Greg Harris

via email

Round Two

I thought Jeff Smith and I had settled the matter of his bashing the Old Globe’s 2007 production of Shakespeare’s Measure for Measure. Yet here he goes again, taking a “year in review” opportunity to bash it anew (Theater Review, January 10). So again I must come to its defense.

Those who, like Jeff Smith, believe that Shakespeare wrote “problem plays” refuse to accept the vision the playwright offers because it is not grist for their mill of moral confusion and psychic ambiguity. In fact, Measure for Measure is a great (non-problem) play about the universal human effort to harmonize the apparently antithetical values of justice and mercy — great because it offers a brilliant (and yes, crowd-pleasing) resolution of the conflict.

Paul Mullins did not “cookie-cut the script as a comedy.” He bucked a hundred-year tradition of seeing problems where they aren’t — a tradition in which Jeff Smith continues to be a true believer — and with his production achieved the reconciliation Shakespeare intended the play to represent. The real enemy of Shakespeare is not the crowd but the critic’s sarcastic implication that only what threatens comedy and tidy endings is real. That Shakespeare might have been offering some insight into how to transcend those threats continues to be inadmissible in Jeff Smith’s critical universe.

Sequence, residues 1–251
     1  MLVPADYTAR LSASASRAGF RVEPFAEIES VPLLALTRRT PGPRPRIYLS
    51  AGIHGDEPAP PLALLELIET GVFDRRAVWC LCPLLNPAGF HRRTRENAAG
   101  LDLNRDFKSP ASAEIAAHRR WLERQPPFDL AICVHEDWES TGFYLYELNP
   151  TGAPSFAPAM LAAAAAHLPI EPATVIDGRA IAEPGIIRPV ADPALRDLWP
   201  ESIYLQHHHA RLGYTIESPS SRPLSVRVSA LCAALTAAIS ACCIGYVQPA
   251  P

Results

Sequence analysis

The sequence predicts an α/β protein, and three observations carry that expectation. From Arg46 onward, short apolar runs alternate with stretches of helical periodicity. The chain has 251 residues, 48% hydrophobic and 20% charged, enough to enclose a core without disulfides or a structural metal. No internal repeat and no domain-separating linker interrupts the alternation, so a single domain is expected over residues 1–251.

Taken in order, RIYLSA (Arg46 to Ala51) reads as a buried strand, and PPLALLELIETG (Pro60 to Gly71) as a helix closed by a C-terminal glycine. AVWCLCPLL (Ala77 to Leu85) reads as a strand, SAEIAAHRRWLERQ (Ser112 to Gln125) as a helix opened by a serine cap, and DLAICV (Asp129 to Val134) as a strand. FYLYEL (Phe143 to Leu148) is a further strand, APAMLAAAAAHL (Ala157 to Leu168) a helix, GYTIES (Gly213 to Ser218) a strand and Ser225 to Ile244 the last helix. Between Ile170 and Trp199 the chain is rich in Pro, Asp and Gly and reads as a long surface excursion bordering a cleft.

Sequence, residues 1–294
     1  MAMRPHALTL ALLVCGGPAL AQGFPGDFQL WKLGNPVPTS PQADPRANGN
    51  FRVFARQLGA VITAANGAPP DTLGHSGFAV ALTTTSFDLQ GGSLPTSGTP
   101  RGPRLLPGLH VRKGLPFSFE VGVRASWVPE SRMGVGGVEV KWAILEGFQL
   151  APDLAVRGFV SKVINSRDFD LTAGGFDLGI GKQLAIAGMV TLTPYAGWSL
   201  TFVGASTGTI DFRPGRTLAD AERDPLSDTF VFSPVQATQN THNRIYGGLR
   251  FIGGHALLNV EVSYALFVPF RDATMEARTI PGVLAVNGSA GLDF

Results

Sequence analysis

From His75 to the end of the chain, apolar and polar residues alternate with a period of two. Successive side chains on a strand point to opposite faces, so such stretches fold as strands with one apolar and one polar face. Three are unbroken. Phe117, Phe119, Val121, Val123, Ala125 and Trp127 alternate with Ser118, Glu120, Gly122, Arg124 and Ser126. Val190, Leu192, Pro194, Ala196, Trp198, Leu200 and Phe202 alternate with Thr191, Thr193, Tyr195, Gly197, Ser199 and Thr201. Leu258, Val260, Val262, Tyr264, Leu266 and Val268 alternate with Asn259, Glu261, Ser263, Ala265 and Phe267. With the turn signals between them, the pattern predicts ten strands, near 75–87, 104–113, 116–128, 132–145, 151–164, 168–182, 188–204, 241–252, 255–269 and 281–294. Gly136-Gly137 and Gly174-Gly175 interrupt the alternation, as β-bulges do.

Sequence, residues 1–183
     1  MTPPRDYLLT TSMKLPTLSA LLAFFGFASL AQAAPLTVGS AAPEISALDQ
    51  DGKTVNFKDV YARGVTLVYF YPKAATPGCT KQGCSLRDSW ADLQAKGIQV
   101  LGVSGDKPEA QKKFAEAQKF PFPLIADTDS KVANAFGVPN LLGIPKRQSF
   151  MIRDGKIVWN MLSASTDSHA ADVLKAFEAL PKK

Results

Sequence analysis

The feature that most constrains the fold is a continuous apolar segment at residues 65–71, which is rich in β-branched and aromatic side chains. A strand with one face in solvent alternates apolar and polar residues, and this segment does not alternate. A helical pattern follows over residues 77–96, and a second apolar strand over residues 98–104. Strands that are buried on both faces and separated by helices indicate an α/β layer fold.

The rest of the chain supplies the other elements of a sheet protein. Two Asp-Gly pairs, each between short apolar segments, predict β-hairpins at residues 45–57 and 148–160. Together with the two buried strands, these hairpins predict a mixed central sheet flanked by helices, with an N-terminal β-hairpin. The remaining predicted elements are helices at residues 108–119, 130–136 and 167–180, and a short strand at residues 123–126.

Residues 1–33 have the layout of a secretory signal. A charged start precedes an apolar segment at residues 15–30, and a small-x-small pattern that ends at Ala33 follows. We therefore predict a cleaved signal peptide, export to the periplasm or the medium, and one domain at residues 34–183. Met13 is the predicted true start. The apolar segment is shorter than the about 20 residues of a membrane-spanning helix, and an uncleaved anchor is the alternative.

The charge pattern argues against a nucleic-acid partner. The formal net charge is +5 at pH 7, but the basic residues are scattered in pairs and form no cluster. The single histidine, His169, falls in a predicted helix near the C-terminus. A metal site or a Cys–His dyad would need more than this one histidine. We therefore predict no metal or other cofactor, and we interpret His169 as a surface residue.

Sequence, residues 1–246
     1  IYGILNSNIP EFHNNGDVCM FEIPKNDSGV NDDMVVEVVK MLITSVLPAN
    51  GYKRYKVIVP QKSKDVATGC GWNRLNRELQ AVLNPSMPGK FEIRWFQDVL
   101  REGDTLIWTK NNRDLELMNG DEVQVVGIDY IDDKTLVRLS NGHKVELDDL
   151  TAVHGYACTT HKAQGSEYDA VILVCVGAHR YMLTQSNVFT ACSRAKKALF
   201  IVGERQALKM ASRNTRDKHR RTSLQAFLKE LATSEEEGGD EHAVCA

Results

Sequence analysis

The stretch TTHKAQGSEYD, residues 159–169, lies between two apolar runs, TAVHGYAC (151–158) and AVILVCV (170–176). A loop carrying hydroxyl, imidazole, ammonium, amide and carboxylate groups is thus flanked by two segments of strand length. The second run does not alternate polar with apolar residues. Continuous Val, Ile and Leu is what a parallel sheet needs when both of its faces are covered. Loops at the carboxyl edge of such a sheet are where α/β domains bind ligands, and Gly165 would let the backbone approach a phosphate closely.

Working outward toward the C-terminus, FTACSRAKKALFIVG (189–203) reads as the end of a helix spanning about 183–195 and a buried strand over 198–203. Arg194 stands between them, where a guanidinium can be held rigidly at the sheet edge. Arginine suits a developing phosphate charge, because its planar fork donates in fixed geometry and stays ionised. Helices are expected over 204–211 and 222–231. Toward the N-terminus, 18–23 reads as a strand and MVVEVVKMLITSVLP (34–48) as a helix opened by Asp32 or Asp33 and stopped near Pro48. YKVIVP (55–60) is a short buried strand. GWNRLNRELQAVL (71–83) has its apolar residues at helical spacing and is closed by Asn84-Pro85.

In fact, the Globe’s Measure was Shakespeare for people who love productions that serve Shakespeare’s healing intentions. Jeff Smith’s review of that play, by contrast, was Shakespeare criticism for people who want Shakespeare to be doing nothing but reinforcing their own lust for unsolved problems.

My dear Jeff: If you can’t enjoy what Shakespeare meant, leave him and the people who love him alone. Go write your own damn problem play.

Gideon Rappaport

via email

Jeff Smith responds: That hundred-year tradition looks for what’s actually going on in Shakespeare’s plays — not what rigid ideas about genre, or the Bard’s alleged intentions, dictate should be there.

Get Real

I am a college student. I was assigned to critically analyze mainstream media by choosing ads about dieting, cosmetics, or cosmetic surgery. I chose cosmetic surgery because it is amazing nowadays the number of ads in the media telling us that we have to have a perfect body in order to be beautiful and how inexpensive it has become to have cosmetic surgery.

In your ads, models with beautiful bodies and faces are used to invite women or suggest to women that’s the way they are going to look if they have a face-lift, tummy tuck, or breast augmentation. But in reality, that is not the way women are going to look after cosmetic surgery is done. I know that the job of the media is to persuade women using women’s sexuality to achieve a goal.

Just want to let you know that some women feel offended or feel a pressure with your ads. We are already in a constant way within us because we are trying to look beautiful all the time to fulfill society’s demands on how women should look at all times. We have a constant war trying to lose weight, disciplining our bodies to exercise to have a better body shape, or dieting. It is frustrating sometimes the pressure we have by the media telling us, “Have surgery and you will look beautiful.”

I think that a lot of women will appreciate it if your paper uses more realistic models when it comes to cosmetic surgery or any other ad related to beauty.

Gabriela Godoy

La Mesa